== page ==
All Blacks coach Steve Hansen to quit after World Cup

WELLINGTON, New Zealand (AP) — All Blacks coach Steve Hansen will step down after the 2019 Rugby World Cup, ending a 16-year involvement with the world’s top-ranked team.

Hansen, 59, said at a news conference Friday it is important that a new coach takes charge after the World Cup to “bring a new outlook for the team” and “enhance the legacy of the All Blacks.” He said he has no immediate plans other than to spend more time with his family.

After replacing Graham Henry as Wales’ coach in 2002, he left that job in 2004 before serving as an assistant to Henry with the All Blacks, then replaced him again, this time in New Zealand, in 2012.

An assistant during New Zealand’s 2011 World Cup victory — its first in 24 years — Hansen guided the team to a win in the 2015 World Cup in England.

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The All Blacks have played 96 test matches under Hansen, winning 85, losing eight and drawing three for an 88.5 winning percentage.

“After being involved in the All Blacks for 16 years, I do feel it’s right for the team for me to stand down,” Hansen said. “As only people who have done the job will understand, there are not only heavy demands on yourself but also on your family. My family has given me unreserved love and support over the last 16 years and I feel it’s now time to make them the sole focus.”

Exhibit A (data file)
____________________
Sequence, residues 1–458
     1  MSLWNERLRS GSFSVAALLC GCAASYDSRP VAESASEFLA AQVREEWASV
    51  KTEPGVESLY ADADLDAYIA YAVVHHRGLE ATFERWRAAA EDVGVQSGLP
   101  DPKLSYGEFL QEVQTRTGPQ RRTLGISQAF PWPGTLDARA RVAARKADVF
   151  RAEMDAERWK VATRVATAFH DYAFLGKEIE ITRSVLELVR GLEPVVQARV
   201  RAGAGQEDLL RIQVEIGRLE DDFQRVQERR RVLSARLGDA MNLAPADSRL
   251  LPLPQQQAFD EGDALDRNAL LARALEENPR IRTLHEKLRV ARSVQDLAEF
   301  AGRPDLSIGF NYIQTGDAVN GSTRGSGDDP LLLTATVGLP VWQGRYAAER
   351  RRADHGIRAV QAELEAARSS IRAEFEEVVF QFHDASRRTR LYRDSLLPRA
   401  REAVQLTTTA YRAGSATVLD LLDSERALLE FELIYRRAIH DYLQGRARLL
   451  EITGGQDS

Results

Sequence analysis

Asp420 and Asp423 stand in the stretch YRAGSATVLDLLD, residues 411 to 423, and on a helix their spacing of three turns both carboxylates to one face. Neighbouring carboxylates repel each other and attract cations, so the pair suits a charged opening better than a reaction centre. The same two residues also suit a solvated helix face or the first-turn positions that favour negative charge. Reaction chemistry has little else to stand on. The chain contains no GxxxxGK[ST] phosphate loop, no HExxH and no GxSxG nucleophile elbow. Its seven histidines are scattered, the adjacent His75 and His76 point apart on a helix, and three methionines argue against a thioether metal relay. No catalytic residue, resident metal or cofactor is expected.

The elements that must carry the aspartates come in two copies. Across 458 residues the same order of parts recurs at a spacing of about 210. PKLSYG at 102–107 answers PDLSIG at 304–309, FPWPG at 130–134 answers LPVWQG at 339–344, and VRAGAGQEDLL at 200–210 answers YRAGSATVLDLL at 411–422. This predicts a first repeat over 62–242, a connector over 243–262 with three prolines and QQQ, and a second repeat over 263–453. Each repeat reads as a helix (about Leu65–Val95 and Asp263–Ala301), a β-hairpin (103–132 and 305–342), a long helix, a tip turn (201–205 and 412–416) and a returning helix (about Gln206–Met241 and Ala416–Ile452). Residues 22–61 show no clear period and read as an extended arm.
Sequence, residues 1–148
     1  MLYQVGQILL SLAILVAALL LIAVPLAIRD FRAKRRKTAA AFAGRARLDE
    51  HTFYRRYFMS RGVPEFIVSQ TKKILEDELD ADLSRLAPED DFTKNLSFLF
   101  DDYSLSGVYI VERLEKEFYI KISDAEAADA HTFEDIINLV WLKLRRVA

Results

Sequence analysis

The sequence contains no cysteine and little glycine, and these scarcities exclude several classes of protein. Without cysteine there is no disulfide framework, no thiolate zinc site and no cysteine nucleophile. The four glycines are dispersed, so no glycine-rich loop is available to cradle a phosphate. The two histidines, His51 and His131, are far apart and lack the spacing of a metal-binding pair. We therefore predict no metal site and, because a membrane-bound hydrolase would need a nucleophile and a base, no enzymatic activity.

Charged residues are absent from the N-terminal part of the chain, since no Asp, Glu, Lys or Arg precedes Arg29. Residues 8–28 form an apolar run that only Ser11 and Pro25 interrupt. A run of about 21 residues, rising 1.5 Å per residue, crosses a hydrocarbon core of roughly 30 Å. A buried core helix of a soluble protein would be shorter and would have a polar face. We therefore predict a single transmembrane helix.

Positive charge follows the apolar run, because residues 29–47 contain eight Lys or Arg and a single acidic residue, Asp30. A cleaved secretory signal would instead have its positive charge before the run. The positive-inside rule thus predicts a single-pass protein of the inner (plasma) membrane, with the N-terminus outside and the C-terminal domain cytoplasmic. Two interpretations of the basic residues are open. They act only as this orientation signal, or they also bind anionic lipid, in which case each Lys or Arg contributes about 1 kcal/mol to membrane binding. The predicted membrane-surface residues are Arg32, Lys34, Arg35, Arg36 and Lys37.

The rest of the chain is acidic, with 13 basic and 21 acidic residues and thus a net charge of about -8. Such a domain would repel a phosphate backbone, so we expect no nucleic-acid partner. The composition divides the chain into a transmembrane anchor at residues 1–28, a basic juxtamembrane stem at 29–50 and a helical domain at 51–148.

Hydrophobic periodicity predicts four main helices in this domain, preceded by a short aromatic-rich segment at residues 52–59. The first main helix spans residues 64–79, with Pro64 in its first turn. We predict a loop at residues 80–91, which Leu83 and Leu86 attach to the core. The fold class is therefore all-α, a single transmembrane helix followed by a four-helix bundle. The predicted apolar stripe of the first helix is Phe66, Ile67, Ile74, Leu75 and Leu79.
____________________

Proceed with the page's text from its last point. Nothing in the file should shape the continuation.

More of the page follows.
No team has won the Rugby World Cup three consecutive times, and Hansen and the All Blacks will have a chance to be the first to do so when the event begins in Japan in September.

“I’m highly motivated by that, as is the whole group, and we’re really looking forward to it,” Hansen said.

Hansen believes it is necessary to make his intentions clear as early as possible in order to give New Zealand Rugby time to make a thorough search for his successor. Ian Foster, his longtime assistant, and Ireland coach Joe Schmidt and Wales coach Warren Gatland are thought to be candidates.

“This is a critical process which shouldn’t be rushed and shouldn’t be made in the turbulent period that tends to follow a Rugby World Cup campaign,” Hansen said.

There has been speculation that Hansen will move into a new role as director of rugby, but New Zealand hasn’t previously had such a position — and some see it to be detrimental to have a new coach supervised by his predecessor.

“I haven’t thought about what I will do after the World Cup,” he said. “It is such a great privilege to coach the All Blacks and I am focused on nothing more than the next 12 months as we have an incredible opportunity to do something that no other team has ever done before.

“I have no regrets about making the decision and feel good about it.”

New Zealand Rugby chairman Brent Impey thanked Hansen for his “enormous contribution to our national game.”

“He’s hugely respected, clear in his views, and will leave the job as one of the greatest ever All Blacks coaches,” Impey said. “His record is unsurpassed. The All Blacks currently hold all the major trophies we play for, he played a critical role in the back-to-back-Rugby World Cup victories in 2011 and 2015, and we wish him and the team all the very best for next year’s campaign.

“Whatever happens next in Steve’s career, his place as a New Zealand rugby legend is guaranteed.”

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